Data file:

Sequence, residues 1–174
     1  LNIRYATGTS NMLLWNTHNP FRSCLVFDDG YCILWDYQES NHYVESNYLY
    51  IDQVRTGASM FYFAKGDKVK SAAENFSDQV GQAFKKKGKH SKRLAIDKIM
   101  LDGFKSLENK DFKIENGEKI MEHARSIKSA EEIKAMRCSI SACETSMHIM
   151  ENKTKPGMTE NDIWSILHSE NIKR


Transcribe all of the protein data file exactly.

Sequence, residues 1–174
     1  LNIRYATGTS NMLLWNTHNP FRSCLVFDDG YCILWDYQES NHYVESNYLY
    51  IDQVRTGASM FYFAKGDKVK SAAENFSDQV GQAFKKKGKH SKRLAIDKIM
   101  LDGFKSLENK DFKIENGEKI MEHARSIKSA EEIKAMRCSI SACETSMHIM
   151  ENKTKPGMTE NDIWSILHSE NIKR